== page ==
Meg Nanna

Kenton Women's Village—the collection of 14 tiny homes in a city-owned industrial lot a block from Kenton Park—was never meant to last over a year. The village was instead opened on June 10, 2017, to act as a year-long pilot project, one that would test the efficacy of a "pop-up" shelter meant to transition women out of homelessness and into permanent housing.

But tonight, with construction on the lot's future property delayed and a year of remarkable success under its belt, the village is asking Kenton neighbors if they can stick around a while longer. It's more of a courtesy vote—since the city has said the village can remain on its property for, at least, the rest of the summer. Or whenever Transition Projects secures funding to build its planned low-income housing on the property.

Tonight's vote speaks more to the relationship the neighborhood has maintained with its fellow neighbors than anything.

"We told them we'd be here a year and now we'd like to stay longer," says village manager Bernadette Stetz. "It's unfair not to ask for their approval. We want to be as transparent as possible with our neighbors."

Unlike the opposition from neighborhood organizations we've heard over similar homeless communities, like Hazelnut Grove or Right 2 Dream Too, the Kenton Neighborhood Association (KNA) has supported the village's existence from the start—that is, after dozens of in-depth neighborhood meetings where neighbors were allowed to set some ground rules (like no overnight guests and no illegal substances). KNA was also allowed a vote on whether or not the village could set up shop in their neighborhood—a power not many other neighborhoods have been granted before a homeless village or shelter moves in.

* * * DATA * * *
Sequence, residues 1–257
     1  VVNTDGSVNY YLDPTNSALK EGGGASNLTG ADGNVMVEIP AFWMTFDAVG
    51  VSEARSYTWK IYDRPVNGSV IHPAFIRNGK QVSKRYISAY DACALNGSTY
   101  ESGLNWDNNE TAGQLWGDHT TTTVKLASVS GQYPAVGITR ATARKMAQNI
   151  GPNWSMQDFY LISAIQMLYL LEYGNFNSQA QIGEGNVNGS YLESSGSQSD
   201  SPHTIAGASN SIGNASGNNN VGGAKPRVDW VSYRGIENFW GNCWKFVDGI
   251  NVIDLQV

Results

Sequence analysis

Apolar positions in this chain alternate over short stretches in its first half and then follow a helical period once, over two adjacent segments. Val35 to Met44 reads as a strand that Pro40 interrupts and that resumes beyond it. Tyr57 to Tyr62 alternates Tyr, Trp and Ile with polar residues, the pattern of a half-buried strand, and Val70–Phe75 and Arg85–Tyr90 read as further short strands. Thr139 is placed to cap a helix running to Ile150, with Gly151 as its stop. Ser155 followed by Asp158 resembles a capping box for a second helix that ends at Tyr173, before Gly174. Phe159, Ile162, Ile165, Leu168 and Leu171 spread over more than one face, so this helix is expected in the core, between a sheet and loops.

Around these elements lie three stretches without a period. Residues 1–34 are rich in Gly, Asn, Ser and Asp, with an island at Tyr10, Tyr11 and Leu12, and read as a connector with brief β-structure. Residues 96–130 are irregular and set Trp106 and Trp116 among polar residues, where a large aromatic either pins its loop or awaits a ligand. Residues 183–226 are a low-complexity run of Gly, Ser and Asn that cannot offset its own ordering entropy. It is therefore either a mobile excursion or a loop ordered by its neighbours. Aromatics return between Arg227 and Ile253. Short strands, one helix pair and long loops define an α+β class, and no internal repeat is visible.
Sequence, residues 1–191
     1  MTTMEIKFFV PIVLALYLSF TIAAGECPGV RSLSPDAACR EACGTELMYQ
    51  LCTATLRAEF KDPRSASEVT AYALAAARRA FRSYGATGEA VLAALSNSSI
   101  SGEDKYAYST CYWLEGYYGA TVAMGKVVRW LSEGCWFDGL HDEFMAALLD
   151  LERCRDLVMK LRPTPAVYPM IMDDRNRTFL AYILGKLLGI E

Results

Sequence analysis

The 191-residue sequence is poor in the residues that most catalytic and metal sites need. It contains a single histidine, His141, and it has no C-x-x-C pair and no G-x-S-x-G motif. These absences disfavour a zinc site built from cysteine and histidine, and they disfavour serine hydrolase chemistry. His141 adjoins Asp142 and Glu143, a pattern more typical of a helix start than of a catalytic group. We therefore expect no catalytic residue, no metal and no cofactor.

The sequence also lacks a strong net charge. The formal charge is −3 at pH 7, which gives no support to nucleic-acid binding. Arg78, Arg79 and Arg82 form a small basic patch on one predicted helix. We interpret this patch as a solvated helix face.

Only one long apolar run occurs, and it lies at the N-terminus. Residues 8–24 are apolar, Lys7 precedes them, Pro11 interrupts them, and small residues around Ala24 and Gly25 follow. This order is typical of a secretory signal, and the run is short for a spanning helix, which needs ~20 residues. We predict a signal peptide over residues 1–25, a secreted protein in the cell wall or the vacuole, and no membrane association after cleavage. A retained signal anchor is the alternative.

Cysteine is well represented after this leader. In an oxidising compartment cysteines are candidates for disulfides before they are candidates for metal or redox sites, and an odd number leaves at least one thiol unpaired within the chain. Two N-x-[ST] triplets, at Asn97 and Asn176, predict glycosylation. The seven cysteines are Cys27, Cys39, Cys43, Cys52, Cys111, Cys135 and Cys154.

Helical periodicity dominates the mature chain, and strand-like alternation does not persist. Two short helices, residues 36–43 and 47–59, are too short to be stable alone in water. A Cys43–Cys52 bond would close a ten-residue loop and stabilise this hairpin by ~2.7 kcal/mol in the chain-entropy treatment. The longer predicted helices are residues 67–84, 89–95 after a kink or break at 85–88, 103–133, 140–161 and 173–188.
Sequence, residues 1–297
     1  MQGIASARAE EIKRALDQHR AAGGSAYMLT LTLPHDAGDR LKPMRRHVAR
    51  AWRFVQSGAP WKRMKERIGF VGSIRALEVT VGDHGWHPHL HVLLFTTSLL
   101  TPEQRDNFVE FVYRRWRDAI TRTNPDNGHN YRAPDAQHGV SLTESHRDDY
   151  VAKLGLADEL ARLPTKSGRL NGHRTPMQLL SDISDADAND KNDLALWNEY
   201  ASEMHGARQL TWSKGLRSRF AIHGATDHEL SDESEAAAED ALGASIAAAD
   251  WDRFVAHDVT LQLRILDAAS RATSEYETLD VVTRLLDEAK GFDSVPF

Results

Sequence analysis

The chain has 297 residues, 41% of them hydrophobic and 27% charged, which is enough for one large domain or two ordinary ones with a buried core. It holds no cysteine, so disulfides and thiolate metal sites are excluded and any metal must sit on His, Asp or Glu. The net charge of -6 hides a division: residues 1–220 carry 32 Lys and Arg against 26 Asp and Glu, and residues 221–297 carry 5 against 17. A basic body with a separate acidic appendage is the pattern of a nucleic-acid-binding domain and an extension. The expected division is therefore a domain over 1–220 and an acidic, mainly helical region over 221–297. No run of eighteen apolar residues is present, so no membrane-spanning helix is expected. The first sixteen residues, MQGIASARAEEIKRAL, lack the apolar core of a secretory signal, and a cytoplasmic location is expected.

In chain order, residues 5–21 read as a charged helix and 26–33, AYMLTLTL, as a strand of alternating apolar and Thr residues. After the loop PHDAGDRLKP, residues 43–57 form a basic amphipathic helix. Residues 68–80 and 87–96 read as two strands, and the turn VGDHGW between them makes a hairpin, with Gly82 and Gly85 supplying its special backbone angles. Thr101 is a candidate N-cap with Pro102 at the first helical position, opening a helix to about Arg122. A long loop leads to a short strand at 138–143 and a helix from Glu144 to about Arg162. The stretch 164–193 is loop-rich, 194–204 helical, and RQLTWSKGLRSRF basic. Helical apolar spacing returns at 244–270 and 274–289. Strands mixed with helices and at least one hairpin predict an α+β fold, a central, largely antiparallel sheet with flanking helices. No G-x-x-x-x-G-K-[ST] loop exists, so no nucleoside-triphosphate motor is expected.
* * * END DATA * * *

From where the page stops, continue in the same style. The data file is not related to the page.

Inside a common area at the Kenton Womens Village
Inside a common area at the Kenton Women's Village Meg Nanna

Another difference in the Kenton model: it's not self-governed. The village is managed by Catholic Charities, a longtime service provider for the homeless in Portland, and several of its staff make sure women are meeting their chore requirements, following the neighborhood rules, and having their basic needs met. Staff, including Stetz, also work as on-site case managers to help women navigate the web of rental agreements, health care plans, and federal assistance programs to set them on a path out of the village.

So far, a total of 14 women have successfully moved out of the Kenton village and into permanent housing—a number Stetz says is far beyond what was initially expected. "But we wouldn't be here without community buy-in," she says.

Tonight, the village is asking its neighbors to approve an extension of up to one year. If they reject the vote, villagers will have three months to pack up and find other accommodations. The tiny homes, or "pods," built by local architects and design students at Portland State University, are meant to be easily transported—but Catholic Charities doesn't exactly know where they could move the community.

"The women are certainly nervous for the vote," Stetz says. "But that nervousness has been translated into hard work and motivation to make sure the neighbors know we're doing our best."

Tyler Roppe, head of KNA, says the women shouldn't worry too much about the vote's outcome.

"I'm absolutely confident it will be a 'yes' vote," he told the Mercury last week, adding: "If not, it would be more of a shock than when Trump was elected."

The vote will take place tonight at KNA's monthly 6 pm meeting at Disjecta Contemporary Arts Center. Can't make it? Don't live in Kenton but have feedback? Here's a handy survey KNA wants you to fill out.